The CEO/COO salary limit proposal is also pretty neat.

    I'm just not sure it is the rich that are calling for the bailout though. They're not going to get hurt nearly as badly as the little guys.
    The trouble with opportunity is it normally comes dressed up as work.

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    An example of why the USA economy is in sh*&

    http://edition.cnn.com/2008/US/10/03...mpt/index.html

    "There's a lot of people like Miss Polk right now. That's the sad thing about it," said Sommerville, who had met Polk before and rushed to the scene when contacted by police. "They might not be as old as her, some could be as old as her. This is just a major problem."

    In 2004, Polk took out a 30-year, 6.375 percent mortgage for $45,620 with a Countrywide Home Loan office in Cuyahoga Falls, Ohio. The same day, she also took out an $11,380 line of credit.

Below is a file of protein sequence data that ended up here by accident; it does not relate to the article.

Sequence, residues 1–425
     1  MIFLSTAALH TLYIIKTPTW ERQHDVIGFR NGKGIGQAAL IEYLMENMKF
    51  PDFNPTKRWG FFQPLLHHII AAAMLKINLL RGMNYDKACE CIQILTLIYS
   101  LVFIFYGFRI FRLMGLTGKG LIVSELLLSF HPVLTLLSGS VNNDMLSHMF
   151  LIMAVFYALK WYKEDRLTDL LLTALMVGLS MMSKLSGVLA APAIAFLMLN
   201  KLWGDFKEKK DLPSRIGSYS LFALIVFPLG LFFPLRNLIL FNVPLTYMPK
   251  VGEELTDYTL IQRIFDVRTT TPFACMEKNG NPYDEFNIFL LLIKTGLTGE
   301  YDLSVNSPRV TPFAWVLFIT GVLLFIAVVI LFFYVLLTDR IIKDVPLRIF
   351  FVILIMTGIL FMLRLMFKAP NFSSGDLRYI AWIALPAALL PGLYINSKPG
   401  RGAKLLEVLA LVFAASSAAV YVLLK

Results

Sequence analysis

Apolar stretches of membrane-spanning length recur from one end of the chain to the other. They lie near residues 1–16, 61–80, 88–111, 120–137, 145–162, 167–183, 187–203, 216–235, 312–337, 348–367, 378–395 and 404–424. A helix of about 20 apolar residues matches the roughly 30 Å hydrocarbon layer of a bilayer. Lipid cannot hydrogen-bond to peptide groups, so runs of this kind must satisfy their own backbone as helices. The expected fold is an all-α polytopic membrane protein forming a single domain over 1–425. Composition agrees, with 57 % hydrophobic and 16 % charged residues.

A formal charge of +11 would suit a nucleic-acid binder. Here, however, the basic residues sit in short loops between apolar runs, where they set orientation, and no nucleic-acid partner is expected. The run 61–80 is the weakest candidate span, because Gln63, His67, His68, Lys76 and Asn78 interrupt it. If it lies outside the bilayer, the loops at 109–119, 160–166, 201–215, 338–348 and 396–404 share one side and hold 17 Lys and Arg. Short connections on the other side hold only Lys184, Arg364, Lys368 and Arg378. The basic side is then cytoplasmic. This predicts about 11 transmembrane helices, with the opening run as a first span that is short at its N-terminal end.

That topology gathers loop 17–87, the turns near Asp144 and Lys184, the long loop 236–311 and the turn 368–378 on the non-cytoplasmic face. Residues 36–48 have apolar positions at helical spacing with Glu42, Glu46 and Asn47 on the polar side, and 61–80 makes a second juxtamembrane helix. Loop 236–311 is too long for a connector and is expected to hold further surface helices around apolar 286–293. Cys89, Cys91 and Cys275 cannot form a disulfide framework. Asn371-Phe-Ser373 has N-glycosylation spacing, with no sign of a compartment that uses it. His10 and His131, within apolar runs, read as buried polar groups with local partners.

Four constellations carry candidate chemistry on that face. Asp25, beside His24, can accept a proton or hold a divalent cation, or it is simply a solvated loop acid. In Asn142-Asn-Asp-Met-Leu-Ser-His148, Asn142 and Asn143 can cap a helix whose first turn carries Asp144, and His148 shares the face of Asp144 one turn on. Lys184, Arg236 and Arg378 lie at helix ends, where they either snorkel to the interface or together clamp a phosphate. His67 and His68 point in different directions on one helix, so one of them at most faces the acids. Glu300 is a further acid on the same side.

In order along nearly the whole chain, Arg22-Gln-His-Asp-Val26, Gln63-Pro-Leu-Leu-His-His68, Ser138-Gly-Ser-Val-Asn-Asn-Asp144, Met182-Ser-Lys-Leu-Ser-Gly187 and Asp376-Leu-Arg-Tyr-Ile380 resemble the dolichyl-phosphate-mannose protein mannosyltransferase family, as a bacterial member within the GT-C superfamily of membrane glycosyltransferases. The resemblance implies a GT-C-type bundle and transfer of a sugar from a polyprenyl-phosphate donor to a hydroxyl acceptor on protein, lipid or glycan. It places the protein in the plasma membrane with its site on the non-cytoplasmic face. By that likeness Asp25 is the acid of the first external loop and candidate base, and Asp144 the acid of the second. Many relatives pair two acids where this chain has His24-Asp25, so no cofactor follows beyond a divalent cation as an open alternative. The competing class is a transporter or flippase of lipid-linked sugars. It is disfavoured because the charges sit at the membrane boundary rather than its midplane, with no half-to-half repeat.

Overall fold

Over the next couple of years, Polk missed payments on the 101-year-old home that she and her late husband purchased in 1970. In 2007, Fannie Mae assumed the mortgage and later filed for foreclosure.


    Forgive my ignorance, but who in his right mind grants a 30-year mortgage to a 90-year old biddy??? That is criminal behaviour and those bankers should be brought to justice.

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    Site Caretaker Dave A's Avatar
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    She was only 86 when they gave her the loans

    The whole thing actually suggests there is merit in the reckless credit provisions of our NCA. However, as a property owner, she might well not have qualified for protection if it applied over there the same way as it does here.